Council row deeply political

AS the row over county council social service cuts rumbles on, what we are seeing now is the flip-side of the arguments we had three years ago when council tax bills shot up by 18 per cent across Suffolk.

AS the row over county council social service cuts rumbles on, what we are seeing now is the flip-side of the arguments we had three years ago when council tax bills shot up by 18 per cent across Suffolk.

Back in 2003 the then Labour-Liberal Democrat administration said it was necessary to put up the county's element of council tax so steeply to raise the standard of social care in Suffolk.

Quite understandably the increase provoked outcry across the county. Many people, especially those on fixed incomes, found it very difficult to pay the extra tax.

This newspaper launched the Cap the Tax campaign and angry citizens got together to protest about the increase - a campaign which continues today.

Those campaigns are certainly worthwhile because they are a constant reminder to councillors that they cannot take their voters for granted.

It is fairly clear that the high council tax increase in 2003 was a key factor in the Conservatives' county council election victory in May last year.

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However there is a price to be paid for keeping the lid on council tax - and that is that there isn't as much money as some people would like to spend on council services.

And in Suffolk, social services is taking the brunt of the cuts which is provoking more protests.

Now this can be seen partly as a good old-fashioned political row - an argument between the basically-Tory position that taxes should be as low as possible and the basically-Labour belief that there should be enough money to look after those in need.

I know it's a simplistic generalisation, but it is at the root of the latest arguments over council spending.

What is especially ironic is that many of those who have campaigned against increasing council tax are pensioners - and that is also the group most affected by cuts to social services.

Of course they are different groups of pensioners - those worried about council taxes tend to be those who are basically fit and on fixed incomes above the level that are eligible for extra payments.

Those worried about the social service cuts are those who rely on these - whose only diversion from the drudgery of life is a visit to the day centre or who rely on carers to look after them.

I know there will be those who say it is possible to keep council tax low and pay for first-rate social services - but that would require cuts elsewhere.

Education cannot be touched, the government sets out exactly what can be spent on schools, but the council could stop maintaining roads, could close libraries, and reduce fire cover to the legal minimum.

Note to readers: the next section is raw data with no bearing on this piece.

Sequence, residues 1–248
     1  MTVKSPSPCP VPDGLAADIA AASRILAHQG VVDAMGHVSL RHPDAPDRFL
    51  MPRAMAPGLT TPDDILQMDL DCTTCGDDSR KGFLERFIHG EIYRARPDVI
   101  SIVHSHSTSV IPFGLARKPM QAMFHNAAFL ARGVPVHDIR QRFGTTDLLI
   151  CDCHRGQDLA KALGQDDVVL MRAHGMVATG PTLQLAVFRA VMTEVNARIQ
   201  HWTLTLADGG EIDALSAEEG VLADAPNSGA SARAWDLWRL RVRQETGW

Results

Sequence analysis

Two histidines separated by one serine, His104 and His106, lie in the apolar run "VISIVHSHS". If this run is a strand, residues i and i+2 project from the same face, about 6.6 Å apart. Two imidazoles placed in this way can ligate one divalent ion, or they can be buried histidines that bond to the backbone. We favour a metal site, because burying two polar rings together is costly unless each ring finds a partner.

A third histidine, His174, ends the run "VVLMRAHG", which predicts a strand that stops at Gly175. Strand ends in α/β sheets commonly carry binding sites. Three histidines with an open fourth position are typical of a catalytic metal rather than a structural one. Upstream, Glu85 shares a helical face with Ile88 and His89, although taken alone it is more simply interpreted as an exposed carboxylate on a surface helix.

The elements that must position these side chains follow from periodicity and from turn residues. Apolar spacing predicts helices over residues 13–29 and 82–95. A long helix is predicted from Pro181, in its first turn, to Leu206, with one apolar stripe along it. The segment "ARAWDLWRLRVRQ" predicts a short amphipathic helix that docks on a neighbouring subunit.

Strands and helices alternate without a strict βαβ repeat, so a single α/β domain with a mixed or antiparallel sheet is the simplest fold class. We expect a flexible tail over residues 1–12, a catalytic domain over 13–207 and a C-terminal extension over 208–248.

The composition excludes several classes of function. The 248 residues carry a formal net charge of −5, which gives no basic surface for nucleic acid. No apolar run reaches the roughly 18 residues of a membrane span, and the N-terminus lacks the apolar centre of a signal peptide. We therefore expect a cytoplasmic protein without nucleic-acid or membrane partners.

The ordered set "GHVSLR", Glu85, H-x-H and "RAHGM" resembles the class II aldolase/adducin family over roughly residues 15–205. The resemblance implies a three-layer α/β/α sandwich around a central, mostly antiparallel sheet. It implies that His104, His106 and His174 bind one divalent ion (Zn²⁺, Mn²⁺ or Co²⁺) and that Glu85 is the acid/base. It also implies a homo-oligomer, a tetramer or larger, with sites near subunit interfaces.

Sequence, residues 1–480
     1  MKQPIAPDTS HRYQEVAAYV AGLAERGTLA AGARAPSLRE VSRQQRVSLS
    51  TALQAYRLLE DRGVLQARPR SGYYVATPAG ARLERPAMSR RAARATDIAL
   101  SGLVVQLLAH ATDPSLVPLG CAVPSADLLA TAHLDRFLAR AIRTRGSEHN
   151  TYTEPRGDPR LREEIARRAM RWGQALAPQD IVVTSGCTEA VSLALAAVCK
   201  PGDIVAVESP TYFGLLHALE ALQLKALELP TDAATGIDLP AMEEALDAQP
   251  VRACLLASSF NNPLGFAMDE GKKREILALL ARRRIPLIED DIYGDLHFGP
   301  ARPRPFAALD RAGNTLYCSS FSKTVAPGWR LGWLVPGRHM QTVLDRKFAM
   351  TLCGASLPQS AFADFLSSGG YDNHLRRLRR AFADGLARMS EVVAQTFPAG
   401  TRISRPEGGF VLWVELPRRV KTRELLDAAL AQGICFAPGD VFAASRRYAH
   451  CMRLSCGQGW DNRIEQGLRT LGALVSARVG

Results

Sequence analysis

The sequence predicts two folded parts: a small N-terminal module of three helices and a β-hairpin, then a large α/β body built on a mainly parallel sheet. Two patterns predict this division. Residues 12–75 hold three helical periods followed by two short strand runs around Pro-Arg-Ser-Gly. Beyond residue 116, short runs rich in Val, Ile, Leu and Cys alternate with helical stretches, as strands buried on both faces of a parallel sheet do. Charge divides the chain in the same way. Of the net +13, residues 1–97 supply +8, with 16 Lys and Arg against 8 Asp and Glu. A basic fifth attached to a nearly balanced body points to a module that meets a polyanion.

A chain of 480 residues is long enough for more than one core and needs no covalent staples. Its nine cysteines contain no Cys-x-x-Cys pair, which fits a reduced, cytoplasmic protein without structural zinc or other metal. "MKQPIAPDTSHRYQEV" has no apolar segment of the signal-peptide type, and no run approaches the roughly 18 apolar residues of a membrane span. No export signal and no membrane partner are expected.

It would cause howls of protest, but is this the solution?

People need to remember that they cannot have Rolls-Royce council services on a Reliant Robin budget.

RECYCLING recently seems to have become the latest council project to come under fire from people worried about how often rubbish is collected from their homes.

The more people I hear complaining about recycling, the more difficult I find it to understand what their problem is.

The latest salvo came in a Sunday newspaper which compared the recycling policies of councils across the country - it was causing mass confusion, it screamed.

As someone who lives in Ipswich and can understand what to put in my blue, black and brown bins, why should I be confused because there are different recycling rules in Gateshead and Lichfield?

Describing people who draw up recycling policies as “Green Gauleiters” is frankly offensive and stupid - the fact is that if the developed world doesn't recycle its waste then the planet is heading for oblivion.

We are not prepared to pay high enough council tax to have every bin emptied every week (see above) and therefore we have to be prepared to take action to prevent problems arising during hot weather - a squirt of ant powder seems to do the trick so far as maggots are concerned.

Frankly there is no reason why black and blue bins should overflow if people sort their rubbish properly - and if people are too stupid or too lazy to sort their rubbish then frankly they don't deserve anyone's sympathy.

Do people who whinge about having to recycle their rubbish really want to be remembered in centuries to come as the generation who knew about the damage they were causing to the planet but couldn't be bothered to do anything about it?

Frankly when you are given every help and encouragement to recycle, is it really too much trouble to spend a few seconds on helping to protect the planet?

THERE are times, not very often it must be said, when you have to feel sorry for John Prescott.

For months he's been coming under fire for having an affair, for being given presents by an American millionaire, and even for playing the “upper crust” game of croquet.

Now he's finally summed up the feelings of millions of people in this country, describing the American government's attitude to the Israel/Lebanon crisis as “crap” and he still comes under fire.

He was forced into the most half-hearted retraction I've ever heard - claiming that the comment came in a private conversation with MPs - and it is quite clear that he was expressing his honestly-held views.

And while it might not go down well with Tony Blair's pal Dubya, it's pretty clear he was also expressing the views of many - if not most - people in this country.

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